I should be used to this. Evangelism is not just for those with the gift of evangelism. We are all called to evangelize. Maybe we are living with "tunnel vision", getting to where we need to go and not even seeing the people around us. Maybe we have given in to apathy, not expressing with words that we do not care about the lost people around us, but expressing it with our actions when we do nothing about seeking them. Or maybe we have given in to fear, another of the Enemy's tactics to prevent us from doing what the Lord has called us to do. But fear of what? Rejection? Why do we fear rejection when we do not even personally know many of the people that we come into contact with every day? I have come to find that most people are wanting to know of the hope that we have. There are so many people around us who are so lost, broken, and feeling purposeless that they are yearning to know how they can have hope. That hope is within us.
There is something freeing about stepping outside of the "bubble" of safety and comfort that I stay in most of my everyday life. It feels good to adventure into the dangerous unknown to reach out to the lost people who live in it every single day of their lives. There is a sort of peace about walking the streets with Jesus, stepping outside of the "American Christian" lifestyle that I have grown up in all of my life. There is so much more to this life than living in comfort, in safety, in luxury, and in selfish ambition. Why do we hold on to that which we have no hold to anyway?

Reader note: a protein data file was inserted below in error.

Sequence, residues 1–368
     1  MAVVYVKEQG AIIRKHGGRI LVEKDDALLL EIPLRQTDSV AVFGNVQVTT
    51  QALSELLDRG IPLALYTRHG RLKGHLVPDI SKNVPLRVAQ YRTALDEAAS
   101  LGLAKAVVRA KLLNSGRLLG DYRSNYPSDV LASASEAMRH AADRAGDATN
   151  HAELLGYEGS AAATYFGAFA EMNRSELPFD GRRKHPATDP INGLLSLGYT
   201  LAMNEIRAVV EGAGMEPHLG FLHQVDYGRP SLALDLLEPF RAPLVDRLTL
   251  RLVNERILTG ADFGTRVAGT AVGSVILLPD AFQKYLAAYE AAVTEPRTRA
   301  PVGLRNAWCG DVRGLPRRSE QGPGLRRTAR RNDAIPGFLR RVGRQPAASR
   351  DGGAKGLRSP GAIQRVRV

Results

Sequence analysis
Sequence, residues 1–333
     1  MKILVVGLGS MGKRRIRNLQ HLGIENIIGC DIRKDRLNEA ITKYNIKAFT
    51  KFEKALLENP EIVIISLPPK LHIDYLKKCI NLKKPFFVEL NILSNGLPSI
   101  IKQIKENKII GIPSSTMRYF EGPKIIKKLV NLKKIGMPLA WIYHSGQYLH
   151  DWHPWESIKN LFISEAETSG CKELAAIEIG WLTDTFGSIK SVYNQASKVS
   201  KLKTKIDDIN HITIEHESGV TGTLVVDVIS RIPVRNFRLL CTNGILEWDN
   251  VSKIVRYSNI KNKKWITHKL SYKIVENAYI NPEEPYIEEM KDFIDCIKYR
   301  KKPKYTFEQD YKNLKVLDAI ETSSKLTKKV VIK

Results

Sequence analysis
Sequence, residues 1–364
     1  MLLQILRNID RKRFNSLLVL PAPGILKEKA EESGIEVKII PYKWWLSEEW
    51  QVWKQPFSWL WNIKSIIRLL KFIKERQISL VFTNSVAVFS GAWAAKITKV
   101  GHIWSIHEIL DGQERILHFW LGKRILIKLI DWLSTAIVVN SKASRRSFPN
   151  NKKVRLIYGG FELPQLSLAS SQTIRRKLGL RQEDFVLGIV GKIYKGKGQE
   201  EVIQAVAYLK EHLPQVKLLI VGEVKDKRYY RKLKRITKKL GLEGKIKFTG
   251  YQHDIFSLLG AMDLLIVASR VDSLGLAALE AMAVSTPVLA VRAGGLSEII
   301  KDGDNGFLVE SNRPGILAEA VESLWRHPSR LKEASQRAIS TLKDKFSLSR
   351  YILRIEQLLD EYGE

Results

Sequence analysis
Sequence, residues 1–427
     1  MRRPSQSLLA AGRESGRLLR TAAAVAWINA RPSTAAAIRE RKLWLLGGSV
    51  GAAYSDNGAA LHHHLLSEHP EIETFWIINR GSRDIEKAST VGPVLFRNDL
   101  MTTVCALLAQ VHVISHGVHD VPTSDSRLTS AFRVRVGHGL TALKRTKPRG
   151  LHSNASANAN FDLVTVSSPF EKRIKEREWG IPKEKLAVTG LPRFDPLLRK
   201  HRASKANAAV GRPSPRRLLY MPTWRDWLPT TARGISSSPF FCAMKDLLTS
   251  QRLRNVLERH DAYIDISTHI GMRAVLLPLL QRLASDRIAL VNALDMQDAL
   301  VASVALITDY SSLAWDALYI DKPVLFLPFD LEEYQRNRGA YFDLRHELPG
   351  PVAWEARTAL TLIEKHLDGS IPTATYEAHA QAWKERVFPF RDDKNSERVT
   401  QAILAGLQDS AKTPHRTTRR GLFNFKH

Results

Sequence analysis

We are living for eternity - for "an inheritance that can never perish, spoil or fade. This inheritance is kept in heaven for you, who through faith are shielded by God's power until the coming of the salvation that is ready to be revealed in the last time" (1 Peter 1:4-5).
Our inheritance is in heaven. This earth and everything in it are temporary - everything except our souls. The souls of those who I walk the streets with every day are eternal and it should break my heart to know that some of them are going to an eternity in hell because they do not know of the hope that I have in Jesus Christ. That should burden me. It should overwhelm me. It should spurn me on to action... to just go.
I should be used to this - to living life as the adventure that it was meant to be, to going out into dark places... for that is where the light of Jesus can shine the brightest.
Lord, break my heart for what breaks Yours. Burden me with an overwhelming passion for the people of this city who walk these streets every single day, broken and hopeless and in need of You. Give me the courage and the strength to bring them this hope that I have in You. Keep me from selfishness, from keeping this hope to myself. For if I did not know that You were my atoning sacrifice, I would also be without hope. Continue to burden me and break me and give me the strength to obey You, for I am reminded that if I love You, that is exactly what I will do (John 14:15). Amen.